DuckDuckGo, an internet search engine known for privacy and unfiltered search results, has gone to Apple Maps for its iOS mobile and macOS desktop map and address related results.

DuckDuckGo positions itself as a search engine that puts privacy first, and as such it does not store IP addresses, does not log user information, and uses cookies only when necessary.

DuckDuckGo

DuckDuckGo’s map and address-related searches on iOS mobile and macOS desktop are now powered by Apple’s MapKit JS framework.

Why just Apple devices?

Simply Apple Maps are part of the iOS and macOS operating system. Its Safari browser defaults to Google Search but can change to Yahoo, Bing or DuckDuckGo.

Apple and DuckDuckGo (website here) may be capitalising on the recent jab that Apple took at CES 2019 (Apple is not an exhibitor). There is a growing below-the-line campaign to promote Apple as more ‘private’ that other major companies.

DuckDuckGo

What about other devices?

On all other Android, Windows and Linux devices DuckDuckGo serves Bing Maps along with relevant search results from a compilation of “over 400” sources, including Yahoo! Search BOSS; Wolfram Alpha; Bing; its Web crawler (DuckDuckBot); and others.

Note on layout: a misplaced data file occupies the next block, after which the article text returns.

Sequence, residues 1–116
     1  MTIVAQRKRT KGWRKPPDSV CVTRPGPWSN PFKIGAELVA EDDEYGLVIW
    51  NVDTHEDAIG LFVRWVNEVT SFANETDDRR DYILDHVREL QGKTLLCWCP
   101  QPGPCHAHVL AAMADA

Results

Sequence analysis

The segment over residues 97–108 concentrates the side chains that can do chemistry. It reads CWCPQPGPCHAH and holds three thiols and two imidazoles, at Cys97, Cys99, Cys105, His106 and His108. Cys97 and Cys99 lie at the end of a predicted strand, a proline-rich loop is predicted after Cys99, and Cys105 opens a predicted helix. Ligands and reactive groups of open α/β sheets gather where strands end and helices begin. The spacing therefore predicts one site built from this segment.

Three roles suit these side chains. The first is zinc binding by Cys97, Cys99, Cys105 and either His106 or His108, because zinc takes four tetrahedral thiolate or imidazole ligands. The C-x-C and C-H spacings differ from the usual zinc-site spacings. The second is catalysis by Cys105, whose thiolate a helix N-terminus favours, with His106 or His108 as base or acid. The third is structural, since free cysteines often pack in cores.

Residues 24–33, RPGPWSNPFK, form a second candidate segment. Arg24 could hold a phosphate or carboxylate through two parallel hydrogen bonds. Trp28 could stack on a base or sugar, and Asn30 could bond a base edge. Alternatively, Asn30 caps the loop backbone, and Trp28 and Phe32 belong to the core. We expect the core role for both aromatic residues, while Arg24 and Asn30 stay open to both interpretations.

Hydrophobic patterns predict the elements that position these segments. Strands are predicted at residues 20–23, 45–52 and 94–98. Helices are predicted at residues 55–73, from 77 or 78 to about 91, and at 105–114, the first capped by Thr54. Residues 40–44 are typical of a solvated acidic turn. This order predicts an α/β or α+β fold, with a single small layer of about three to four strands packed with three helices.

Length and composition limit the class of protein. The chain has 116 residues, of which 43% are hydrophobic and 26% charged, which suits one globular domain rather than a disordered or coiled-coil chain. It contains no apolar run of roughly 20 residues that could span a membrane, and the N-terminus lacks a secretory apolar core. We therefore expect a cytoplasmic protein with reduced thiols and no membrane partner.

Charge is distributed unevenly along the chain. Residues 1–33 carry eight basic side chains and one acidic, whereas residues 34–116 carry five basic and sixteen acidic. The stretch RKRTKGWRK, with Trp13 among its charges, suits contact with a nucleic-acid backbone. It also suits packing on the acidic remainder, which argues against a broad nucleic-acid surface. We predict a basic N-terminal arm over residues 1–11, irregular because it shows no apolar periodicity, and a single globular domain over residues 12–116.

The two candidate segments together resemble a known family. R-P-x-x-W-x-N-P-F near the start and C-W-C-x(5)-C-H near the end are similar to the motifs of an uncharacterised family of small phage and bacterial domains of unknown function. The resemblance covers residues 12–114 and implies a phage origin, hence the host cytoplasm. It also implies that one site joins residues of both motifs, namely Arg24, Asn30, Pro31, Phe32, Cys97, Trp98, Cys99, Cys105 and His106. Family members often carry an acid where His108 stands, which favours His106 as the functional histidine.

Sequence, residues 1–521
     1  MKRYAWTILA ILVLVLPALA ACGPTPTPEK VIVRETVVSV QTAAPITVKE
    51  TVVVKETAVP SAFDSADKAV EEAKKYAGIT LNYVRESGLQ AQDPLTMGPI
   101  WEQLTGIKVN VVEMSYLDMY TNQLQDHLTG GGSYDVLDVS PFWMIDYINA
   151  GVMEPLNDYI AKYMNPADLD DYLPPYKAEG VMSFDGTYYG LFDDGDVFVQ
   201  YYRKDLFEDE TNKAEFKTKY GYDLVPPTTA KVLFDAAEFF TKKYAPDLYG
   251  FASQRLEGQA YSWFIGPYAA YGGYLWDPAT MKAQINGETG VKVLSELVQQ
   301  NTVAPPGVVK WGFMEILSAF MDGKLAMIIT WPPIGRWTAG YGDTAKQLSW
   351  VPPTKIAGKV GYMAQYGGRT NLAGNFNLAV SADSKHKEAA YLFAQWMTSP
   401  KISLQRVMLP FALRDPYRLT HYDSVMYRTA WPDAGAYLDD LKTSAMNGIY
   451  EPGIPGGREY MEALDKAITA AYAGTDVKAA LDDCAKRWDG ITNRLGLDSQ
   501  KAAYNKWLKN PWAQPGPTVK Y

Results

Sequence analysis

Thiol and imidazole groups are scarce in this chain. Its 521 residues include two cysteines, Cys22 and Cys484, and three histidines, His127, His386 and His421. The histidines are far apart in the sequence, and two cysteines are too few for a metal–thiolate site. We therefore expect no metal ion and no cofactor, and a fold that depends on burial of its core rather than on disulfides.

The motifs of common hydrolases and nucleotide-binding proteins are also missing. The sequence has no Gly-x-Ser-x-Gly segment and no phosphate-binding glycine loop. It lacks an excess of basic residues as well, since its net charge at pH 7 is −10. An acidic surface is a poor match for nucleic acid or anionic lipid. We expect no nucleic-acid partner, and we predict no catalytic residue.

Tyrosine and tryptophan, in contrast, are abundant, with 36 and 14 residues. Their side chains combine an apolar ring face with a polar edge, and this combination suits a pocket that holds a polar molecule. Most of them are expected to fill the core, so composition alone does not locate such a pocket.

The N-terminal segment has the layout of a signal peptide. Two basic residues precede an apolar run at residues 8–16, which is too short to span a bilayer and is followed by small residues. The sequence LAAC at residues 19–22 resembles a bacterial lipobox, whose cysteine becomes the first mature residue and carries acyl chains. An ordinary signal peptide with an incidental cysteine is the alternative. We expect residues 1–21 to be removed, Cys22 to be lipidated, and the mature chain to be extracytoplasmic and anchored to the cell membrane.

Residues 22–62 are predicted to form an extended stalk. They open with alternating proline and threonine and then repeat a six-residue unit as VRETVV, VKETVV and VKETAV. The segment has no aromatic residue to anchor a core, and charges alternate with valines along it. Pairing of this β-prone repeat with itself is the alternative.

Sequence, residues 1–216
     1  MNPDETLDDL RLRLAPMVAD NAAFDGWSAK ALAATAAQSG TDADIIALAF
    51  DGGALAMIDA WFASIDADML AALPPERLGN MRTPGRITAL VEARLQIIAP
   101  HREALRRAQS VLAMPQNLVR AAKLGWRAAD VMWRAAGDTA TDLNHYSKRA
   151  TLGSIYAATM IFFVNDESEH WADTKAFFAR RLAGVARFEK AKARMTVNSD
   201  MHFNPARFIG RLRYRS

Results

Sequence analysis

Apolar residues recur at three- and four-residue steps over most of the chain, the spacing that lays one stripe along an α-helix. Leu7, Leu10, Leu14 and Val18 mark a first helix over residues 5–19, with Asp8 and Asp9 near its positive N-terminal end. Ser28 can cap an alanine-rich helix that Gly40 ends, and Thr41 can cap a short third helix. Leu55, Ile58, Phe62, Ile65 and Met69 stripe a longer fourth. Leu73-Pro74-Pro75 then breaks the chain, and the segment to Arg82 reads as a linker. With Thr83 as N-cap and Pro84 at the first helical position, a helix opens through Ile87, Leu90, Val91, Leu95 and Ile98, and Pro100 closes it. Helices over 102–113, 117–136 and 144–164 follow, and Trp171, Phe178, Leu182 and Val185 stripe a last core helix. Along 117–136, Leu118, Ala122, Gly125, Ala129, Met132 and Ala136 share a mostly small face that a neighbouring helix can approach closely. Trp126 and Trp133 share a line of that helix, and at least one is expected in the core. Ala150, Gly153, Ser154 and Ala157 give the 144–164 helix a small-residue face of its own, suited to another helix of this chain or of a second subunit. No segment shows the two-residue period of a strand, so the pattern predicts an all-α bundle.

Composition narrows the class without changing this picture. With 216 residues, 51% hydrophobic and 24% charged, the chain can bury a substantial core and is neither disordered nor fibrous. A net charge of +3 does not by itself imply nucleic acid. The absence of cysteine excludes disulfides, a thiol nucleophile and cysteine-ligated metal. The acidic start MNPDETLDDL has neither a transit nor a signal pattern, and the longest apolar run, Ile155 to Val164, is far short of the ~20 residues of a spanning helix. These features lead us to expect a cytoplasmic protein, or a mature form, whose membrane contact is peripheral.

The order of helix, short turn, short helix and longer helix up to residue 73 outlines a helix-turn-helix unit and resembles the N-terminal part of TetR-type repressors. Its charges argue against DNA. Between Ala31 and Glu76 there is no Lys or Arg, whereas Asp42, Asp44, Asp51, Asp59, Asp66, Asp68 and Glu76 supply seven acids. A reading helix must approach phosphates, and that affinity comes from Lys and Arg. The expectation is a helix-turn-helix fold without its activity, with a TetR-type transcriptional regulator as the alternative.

DuckDuckGo does not collect or share any PII

GadgetGuy has used DuckDuckGo in the past and found that privacy tends to deliver far fewer results compared to the sheer volume of Google results. So, it comes down to what matters to you.

For example, if I search in DuckDuckGo for GadgetGuy.com.au, I get fewer than ten relevant results. Google Search delivers thousands as it indexes our articles. So, your choice of search engine comes down to your needs.

Privacy is also a function of your browser, its settings and third-party advertising and pop-up blockers like Ghostery (highly recommended by GadgetGuy as a privacy browser add-on)

GadgetGuy’s take: Just get me there

DuckDuckGo says it trusts Apple Maps more than it trusts Google Maps or for that matter Bing Maps, Michelin Maps, Here, Baidu/Tencent, Navteq etc.

Perhaps the real issue should be map coverage, accuracy and the combination of search results on these maps.

Apple had Google Maps until in 2012 when it released Apple Maps. Initial reactions were poor, but that was seven years ago. Google Maps are still one of the App Stores major downloads.

Apple has a focus on clean layout, 2D maps (flat) and Siri voice integration. Apple has a Flyover mode that is useful. Its transit is limited to major capital cities. From what I have seen Apple’s 2D maps are at their most accurate when you get an OS update.

Google adds satellite, street view, transit and 3D. Google Maps are automatically up-to-date (cloud). Its new Transit mode, at least in Sydney, is fabulous.

A great litmus test is to ask Uber drivers which map they prefer. Although highly subjective the answer is roughly 35/65 Apple/Google with the latter ahead on navigation.